section: Arts And Culture

There are more than 200 results, only the first 200 are displayed here.

  • ARTS AND CULTURE

    Canary in a nursing home

    • Louise McKenna
    • 31 July 2012
    3 Comments

    At times the music holds him still, and a jonquil light beams through two pinholes in his brain, singing of a caged soul.

    READ MORE
  • ARTS AND CULTURE

    Blaming Batman for gun violence

    • Tim Kroenert
    • 26 July 2012
    12 Comments

    As far as US politicians are concerned, blaming Batman for the massacre at Aurora is as good as hiding their heads in the sand. The larger issue is not violent entertainment, but gun control. Ironically, the Batman films take a decidedly thoughtful approach to violence in general, and gun violence in particular.

    READ MORE
  • ARTS AND CULTURE

    When gamers rule Australia

    • Michael McVeigh
    • 25 July 2012
    2 Comments

    Imagine if life was a video game. You could earn health points for a good diet, citizenship points for catching the train, social awareness points for reading the news. But how many points would you get for helping a homeless person? And how would you measure an activity such as talking to your family?

    READ MORE
  • ARTS AND CULTURE

    Beatitudes for Aung San Suu Kyi

    • Paul Mitchell
    • 24 July 2012

    Blessed are those with empty chests, soles ripped from their shoes, fed to dogs. But most blessed are those who stole the hound scraps, nailed them to their feet and kept on marching.

    READ MORE
  • ARTS AND CULTURE

    The lighter side of dementia

    • Brian Matthews
    • 20 July 2012
    4 Comments

    Just when my friend was thinking to find a quieter place for this lost and distressed elderly woman while he worked out what to do next, she turned to him, her face alight. With one movement she opened her mouth, removed her denture and held it towards him. On the 'gum' was clearly inscribed her name and a phone number.

    READ MORE
  • ARTS AND CULTURE

    Dying politician's tilt at immortality

    • Tim Kroenert
    • 19 July 2012
    2 Comments

    A politician learns he has a degenerative neurological disorder. His marriage is a partnership where political expediency has long supplanted affection. His estranged daughter is a religious minister and wavering ex-addict. He exudes invincibility in public, while privately he is forced to confront his own mortality.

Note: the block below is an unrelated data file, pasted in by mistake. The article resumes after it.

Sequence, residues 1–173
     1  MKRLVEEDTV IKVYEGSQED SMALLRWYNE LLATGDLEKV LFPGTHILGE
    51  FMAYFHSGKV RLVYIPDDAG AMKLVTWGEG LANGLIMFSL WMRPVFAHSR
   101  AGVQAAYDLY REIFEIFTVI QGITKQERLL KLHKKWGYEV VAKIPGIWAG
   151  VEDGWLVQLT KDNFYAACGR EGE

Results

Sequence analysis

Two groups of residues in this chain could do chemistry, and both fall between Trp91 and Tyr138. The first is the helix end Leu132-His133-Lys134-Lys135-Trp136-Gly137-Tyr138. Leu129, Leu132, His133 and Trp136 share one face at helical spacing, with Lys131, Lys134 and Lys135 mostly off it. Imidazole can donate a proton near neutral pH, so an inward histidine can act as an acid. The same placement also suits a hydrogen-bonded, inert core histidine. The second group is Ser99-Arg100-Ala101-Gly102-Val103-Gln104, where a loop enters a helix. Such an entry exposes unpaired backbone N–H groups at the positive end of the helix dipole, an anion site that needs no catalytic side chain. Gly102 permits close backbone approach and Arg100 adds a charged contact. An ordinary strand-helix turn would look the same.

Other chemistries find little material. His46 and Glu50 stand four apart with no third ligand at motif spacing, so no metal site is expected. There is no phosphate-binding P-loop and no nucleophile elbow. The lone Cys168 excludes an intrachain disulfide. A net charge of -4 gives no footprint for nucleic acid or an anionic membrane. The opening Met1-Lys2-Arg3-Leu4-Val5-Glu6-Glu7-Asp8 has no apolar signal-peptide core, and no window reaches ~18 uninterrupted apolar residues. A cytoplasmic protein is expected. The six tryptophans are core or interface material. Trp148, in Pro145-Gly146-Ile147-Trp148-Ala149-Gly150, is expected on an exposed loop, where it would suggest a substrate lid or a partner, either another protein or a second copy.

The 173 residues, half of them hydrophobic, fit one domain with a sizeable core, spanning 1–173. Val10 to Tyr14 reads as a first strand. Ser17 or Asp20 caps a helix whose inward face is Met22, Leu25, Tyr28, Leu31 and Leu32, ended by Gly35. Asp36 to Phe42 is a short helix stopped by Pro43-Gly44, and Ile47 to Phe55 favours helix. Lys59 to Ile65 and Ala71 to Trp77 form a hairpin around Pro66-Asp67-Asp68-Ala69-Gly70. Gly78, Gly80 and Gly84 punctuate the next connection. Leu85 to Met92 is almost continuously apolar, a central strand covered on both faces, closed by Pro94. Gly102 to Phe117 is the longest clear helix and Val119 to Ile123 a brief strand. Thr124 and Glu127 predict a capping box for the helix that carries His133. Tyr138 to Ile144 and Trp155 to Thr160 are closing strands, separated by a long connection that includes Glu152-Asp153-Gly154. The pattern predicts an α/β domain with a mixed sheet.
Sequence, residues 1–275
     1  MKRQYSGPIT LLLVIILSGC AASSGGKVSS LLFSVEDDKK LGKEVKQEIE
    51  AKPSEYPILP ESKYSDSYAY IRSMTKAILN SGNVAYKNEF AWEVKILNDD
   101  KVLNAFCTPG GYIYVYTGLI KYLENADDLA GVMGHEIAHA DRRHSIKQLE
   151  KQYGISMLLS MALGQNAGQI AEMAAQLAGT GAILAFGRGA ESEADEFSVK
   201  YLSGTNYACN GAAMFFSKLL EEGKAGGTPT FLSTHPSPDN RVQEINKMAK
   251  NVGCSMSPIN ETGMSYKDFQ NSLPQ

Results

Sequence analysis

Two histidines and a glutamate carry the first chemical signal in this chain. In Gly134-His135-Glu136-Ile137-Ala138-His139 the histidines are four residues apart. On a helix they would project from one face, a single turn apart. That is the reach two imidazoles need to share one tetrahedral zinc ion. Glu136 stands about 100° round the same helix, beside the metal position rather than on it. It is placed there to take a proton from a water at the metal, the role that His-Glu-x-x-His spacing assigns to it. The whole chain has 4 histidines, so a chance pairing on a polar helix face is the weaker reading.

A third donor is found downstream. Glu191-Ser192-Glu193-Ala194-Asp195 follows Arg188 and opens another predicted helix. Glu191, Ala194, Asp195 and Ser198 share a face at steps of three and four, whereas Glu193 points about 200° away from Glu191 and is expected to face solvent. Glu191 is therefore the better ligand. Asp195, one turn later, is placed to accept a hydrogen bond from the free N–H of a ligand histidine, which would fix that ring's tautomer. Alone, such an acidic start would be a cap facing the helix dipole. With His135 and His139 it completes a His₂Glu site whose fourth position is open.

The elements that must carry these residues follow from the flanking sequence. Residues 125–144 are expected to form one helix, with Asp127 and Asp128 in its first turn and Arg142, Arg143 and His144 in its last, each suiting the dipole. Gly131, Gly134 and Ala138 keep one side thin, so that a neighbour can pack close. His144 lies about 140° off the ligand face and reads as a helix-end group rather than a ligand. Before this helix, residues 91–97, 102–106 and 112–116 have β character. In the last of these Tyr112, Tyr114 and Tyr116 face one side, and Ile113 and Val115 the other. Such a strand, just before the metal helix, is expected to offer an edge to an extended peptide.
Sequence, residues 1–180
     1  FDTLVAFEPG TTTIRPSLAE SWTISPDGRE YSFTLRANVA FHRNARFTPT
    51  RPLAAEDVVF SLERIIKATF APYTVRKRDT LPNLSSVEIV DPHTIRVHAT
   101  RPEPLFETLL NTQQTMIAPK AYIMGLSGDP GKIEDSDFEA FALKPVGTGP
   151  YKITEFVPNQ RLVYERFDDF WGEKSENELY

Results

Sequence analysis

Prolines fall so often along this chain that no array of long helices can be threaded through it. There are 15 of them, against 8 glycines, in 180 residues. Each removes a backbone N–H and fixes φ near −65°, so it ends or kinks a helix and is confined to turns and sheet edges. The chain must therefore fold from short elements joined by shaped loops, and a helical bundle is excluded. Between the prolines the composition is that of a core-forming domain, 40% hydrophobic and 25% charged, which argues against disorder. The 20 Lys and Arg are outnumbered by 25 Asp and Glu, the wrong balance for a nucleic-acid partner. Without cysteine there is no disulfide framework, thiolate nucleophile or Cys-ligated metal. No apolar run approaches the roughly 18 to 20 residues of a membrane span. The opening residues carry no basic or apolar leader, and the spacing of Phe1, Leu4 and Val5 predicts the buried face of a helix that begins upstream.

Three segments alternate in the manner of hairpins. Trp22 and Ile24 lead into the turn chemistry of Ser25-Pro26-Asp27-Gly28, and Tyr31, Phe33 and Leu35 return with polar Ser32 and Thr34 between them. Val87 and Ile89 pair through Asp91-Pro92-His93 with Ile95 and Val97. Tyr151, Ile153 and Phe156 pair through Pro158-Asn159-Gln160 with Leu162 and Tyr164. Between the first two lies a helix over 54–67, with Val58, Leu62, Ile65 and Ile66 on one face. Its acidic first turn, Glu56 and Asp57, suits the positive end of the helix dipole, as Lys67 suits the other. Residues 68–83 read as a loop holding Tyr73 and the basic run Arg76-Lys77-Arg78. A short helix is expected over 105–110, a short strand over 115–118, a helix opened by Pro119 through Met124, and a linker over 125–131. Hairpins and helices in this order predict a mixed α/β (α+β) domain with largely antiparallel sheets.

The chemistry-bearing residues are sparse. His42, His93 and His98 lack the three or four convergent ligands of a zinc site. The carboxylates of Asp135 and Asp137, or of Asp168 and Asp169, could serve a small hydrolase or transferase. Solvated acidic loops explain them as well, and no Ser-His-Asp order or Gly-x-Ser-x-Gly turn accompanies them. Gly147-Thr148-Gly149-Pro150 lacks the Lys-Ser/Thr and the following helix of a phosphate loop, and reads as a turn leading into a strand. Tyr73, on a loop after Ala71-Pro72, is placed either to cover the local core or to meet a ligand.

READ MORE
  • ARTS AND CULTURE

    POW priest and the sacrament of sport

    • Brian Doyle
    • 18 July 2012
    3 Comments

    The Japanese had taken the island and the priest was imprisoned with many other residents. One Sunday, the POWs set up stumps in the morning, dressed in the best clothes they had left, and assigned teams. One captain was a minister, the other a teacher. The priest opened the bowling. The guards were angry.

    READ MORE
  • ARTS AND CULTURE

    Across the purgatory sea to Botany Bay

    • Maria Takolander
    • 17 July 2012
    3 Comments

    Sophie, a Malagay slave in Mauritius, torched a barn housing a collection of leather straps — the flames soaring like the sounds of the black horses inside — and was packed off in a ship-sized crate to New South Wales.

    READ MORE
  • ARTS AND CULTURE

    Ageism in the jobs market

    • Malcolm King
    • 16 July 2012
    7 Comments

    Go to seek.com.au and enter the keywords 'Dynamic, Young, Funky'. You will have before you about 24 job ads. Exclude the word 'Funky' and it rises to 300-400. Ads should focus on the skills, competencies and capabilities of the position rather than the applicant's age. 

    READ MORE
  • ARTS AND CULTURE

    Divorce, sexuality and the cult of self-improvement

    • Tim Kroenert
    • 12 July 2012
    2 Comments

    The therapist's office is a place where frankness is imperative, and self-examination an artform. Among the current batch of patients are a displaced Indian widower, and a gay teen with a self-destructive streak. The audience is left to ponder whether the doctor or the patient is the more deeply disturbed.

    READ MORE
  • ARTS AND CULTURE

    Little Adonis and the fruit box

    • Helena Kadmos
    • 11 July 2012
    21 Comments

    When my father was born his parents named him Adonis, but for the first few years he was called Adonaki, Little Adonis. I picture him standing in the classroom on a fruit box, with his dark curly hair. His hair is still curly if it gets long enough, but it is very soft and silvery. He listens as I read this story to him and he wants to set some things straight.

    READ MORE
  • ARTS AND CULTURE

    The epiphanies of our lives

    • B.N. Oakman
    • 10 July 2012
    4 Comments

    I want  you to list the epiphanies in your lives, says the lecturer. We'll build poems around them...  I ponder, but cannot manage to think of one. Does he really believe people have several? My extra years are like binoculars peered through from the wrong end, shrinking past significance to present inconsequence.

    READ MORE

x

Subscribe for more stories like this.

Free sign-up